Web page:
He plants his first crop a week or so before the frost free date (MAY 10 in central New York), using a quick-maturing variety. "There's a 50% chance you'll lose it, but if you do get a crop you'll have bragging rights for sure. And if you don't, you'll have more beans coming right along." Some good varieties to try for the early crop are Contender Earliserve and Topcrop.

Peck's choice for later crops is Bush Blue Lake 274 for its combination of quality and productivity, but he stresses that this is just a personal preference. Other good varieties include Provider, Tendergreen and Bush Kentucky Wonder. For a large, flavorful part-Romano type, try Jumbo.

Once he starts planting, Peck continues seeding a new crop every seven to 10 days up to 60 days before the first fall frost. "Just as soon as you see the plants coming up, it's time to plant more seed," he says. "Not too much; ten feet, maybe even six feet. You'll get lots of beans."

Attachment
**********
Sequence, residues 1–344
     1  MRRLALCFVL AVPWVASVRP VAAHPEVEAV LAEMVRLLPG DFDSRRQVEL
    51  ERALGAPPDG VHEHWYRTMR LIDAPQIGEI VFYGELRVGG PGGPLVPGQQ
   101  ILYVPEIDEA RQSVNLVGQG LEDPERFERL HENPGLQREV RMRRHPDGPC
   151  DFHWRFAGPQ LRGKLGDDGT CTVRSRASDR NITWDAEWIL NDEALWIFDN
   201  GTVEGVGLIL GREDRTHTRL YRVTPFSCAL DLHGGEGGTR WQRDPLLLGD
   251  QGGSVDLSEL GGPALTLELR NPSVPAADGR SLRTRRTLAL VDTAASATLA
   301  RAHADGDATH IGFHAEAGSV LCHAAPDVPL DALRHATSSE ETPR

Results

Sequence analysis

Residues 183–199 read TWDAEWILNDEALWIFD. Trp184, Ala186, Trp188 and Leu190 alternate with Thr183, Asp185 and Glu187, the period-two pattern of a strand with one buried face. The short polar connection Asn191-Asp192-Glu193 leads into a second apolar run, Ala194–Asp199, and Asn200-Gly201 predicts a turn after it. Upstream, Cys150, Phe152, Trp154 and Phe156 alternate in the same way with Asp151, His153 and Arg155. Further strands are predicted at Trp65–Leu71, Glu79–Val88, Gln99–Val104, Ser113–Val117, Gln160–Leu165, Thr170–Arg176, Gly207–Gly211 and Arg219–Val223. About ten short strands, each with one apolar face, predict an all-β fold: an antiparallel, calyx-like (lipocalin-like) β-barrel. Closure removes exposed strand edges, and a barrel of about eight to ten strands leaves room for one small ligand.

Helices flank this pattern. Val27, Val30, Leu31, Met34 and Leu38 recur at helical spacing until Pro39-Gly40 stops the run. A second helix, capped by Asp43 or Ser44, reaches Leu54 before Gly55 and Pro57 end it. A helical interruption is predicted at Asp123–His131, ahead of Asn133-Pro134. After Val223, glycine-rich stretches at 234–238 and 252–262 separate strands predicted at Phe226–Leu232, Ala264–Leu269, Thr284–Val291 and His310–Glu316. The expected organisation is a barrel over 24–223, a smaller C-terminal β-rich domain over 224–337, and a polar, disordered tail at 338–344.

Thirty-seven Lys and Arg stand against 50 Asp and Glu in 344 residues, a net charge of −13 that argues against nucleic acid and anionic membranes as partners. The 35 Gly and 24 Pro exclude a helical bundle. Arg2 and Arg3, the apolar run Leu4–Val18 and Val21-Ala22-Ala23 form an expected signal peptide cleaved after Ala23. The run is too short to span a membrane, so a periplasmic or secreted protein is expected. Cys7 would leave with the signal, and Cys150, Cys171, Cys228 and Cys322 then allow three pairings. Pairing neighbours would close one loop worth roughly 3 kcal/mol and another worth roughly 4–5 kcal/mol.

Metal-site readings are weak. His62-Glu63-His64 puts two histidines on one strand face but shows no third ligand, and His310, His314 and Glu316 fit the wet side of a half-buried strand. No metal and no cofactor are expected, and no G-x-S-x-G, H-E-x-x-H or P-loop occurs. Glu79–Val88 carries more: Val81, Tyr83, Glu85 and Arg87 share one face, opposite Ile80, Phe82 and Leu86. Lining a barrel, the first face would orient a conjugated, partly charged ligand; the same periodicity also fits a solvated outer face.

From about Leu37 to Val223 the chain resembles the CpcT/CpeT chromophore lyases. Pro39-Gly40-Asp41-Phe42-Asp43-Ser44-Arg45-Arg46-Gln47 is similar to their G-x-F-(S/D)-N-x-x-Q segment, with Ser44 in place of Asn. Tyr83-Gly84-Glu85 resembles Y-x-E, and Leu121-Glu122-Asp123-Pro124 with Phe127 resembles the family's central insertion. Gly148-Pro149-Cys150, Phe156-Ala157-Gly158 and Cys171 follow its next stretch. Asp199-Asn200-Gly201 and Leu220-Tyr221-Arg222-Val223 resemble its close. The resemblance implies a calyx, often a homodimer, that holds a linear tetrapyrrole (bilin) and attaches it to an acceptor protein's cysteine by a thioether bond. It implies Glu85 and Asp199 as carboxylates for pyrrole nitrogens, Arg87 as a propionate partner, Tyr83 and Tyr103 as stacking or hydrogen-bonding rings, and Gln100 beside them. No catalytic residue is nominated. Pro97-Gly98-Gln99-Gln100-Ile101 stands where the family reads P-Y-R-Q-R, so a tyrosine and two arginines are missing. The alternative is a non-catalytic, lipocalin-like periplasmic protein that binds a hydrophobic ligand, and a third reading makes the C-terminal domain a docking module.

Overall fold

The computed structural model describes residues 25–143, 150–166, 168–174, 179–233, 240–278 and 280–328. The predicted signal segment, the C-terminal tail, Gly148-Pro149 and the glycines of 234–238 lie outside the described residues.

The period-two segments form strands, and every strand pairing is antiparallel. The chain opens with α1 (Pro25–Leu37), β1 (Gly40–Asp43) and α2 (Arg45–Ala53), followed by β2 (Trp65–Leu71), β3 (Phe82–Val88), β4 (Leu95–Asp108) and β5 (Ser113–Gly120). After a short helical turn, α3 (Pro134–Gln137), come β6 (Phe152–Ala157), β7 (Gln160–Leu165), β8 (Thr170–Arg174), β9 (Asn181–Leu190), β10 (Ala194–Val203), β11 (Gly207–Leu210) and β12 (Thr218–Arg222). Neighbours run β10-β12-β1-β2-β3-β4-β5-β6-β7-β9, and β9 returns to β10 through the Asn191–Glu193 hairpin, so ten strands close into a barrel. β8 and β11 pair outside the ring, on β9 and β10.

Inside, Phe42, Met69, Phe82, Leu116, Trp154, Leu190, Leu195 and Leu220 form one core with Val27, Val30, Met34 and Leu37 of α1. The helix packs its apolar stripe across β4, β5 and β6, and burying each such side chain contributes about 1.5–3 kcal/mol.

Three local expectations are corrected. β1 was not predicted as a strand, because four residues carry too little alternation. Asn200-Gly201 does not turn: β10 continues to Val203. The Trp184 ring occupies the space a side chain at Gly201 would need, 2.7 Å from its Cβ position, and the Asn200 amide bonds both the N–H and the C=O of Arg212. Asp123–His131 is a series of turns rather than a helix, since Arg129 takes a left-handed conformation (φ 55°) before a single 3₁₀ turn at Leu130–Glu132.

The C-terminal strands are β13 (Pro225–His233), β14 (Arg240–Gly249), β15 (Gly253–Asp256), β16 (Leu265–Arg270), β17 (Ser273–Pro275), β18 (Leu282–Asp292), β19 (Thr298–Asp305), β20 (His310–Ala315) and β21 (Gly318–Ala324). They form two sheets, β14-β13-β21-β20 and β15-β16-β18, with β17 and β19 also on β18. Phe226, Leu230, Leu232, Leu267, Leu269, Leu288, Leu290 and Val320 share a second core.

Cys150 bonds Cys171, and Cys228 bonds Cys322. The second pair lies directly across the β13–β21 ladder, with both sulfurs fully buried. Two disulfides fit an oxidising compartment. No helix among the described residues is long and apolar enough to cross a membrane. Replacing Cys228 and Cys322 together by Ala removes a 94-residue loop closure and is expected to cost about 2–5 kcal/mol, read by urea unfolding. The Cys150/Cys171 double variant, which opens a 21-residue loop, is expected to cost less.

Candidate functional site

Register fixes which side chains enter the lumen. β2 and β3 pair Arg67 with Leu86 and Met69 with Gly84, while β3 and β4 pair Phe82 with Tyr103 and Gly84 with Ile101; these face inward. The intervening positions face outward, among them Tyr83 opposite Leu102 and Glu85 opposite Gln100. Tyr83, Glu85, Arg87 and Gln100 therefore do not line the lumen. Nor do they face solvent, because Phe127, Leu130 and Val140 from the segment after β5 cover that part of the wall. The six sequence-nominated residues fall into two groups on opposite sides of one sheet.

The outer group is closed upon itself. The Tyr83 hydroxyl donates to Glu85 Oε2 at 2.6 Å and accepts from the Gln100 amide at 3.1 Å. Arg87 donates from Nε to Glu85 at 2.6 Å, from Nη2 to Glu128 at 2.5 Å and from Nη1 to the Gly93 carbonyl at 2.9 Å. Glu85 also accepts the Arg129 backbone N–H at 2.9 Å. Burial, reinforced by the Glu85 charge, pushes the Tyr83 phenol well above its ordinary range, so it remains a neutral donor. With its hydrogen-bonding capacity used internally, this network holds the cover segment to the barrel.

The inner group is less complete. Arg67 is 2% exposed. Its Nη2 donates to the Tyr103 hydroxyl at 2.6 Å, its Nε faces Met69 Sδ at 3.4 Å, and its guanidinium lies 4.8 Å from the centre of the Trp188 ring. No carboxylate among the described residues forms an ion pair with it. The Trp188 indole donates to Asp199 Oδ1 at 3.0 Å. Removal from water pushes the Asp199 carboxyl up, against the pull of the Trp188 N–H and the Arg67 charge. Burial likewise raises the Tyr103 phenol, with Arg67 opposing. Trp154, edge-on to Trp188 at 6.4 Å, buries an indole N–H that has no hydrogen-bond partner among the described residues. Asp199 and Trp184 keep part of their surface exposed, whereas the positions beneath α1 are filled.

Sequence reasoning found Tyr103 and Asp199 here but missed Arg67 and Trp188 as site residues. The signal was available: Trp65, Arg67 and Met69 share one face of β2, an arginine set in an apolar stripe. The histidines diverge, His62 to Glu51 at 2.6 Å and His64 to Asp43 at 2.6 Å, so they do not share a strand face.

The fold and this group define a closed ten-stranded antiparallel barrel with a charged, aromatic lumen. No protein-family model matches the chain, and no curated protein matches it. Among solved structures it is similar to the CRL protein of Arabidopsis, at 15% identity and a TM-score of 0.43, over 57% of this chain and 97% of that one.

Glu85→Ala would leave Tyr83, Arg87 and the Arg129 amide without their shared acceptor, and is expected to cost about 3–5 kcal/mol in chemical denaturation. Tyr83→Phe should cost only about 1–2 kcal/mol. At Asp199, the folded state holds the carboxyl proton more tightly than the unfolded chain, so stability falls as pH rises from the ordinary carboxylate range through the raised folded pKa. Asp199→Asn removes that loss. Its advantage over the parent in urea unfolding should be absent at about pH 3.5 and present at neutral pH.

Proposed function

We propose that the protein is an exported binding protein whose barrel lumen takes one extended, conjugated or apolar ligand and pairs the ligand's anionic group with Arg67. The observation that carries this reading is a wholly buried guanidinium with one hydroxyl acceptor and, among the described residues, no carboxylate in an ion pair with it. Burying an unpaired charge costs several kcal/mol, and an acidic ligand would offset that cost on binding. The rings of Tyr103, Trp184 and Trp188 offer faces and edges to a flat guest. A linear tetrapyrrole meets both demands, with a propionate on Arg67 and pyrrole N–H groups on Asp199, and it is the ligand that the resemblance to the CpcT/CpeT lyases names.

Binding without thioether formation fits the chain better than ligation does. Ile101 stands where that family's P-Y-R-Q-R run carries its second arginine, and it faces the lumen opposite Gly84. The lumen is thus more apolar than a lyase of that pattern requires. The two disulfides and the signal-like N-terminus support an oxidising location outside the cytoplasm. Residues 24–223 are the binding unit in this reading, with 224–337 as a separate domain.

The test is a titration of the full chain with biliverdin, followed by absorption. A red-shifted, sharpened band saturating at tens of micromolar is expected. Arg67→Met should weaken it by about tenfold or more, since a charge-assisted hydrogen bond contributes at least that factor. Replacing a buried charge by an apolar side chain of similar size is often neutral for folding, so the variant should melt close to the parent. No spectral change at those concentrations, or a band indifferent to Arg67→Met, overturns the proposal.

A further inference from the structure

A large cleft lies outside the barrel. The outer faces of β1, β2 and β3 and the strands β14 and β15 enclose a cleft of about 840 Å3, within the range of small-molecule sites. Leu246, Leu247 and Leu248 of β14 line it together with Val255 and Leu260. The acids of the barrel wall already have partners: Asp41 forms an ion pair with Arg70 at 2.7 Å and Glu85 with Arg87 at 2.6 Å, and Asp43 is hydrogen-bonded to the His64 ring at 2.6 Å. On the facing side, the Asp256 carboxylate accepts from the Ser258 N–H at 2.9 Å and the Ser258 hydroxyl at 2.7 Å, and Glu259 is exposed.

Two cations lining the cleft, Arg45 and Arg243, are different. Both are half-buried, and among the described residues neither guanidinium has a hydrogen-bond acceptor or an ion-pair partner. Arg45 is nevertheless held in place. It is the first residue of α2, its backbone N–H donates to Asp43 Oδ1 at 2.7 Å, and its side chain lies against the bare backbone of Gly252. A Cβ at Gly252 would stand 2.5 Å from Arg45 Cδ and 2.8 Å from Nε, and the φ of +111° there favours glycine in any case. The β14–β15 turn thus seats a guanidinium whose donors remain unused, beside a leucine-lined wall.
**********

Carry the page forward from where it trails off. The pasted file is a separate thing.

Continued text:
Planting depth depends on soil conditions and the season. "Beans will not tolerate wet soil or cold soil. If the soil is heavy, ridge it up for the first plantings -- three or four inches, even five or six inches -- then plant the beans one inch deep in the top. When the sun comes out it will warm that ridged soil right up. (Sandy soils can be planted almost anytime once they're warm enough, at least 50o to 55oF.) In the summertime, however, the soil gets dry, so plant bean seeds two inches deep to get them down into the moisture."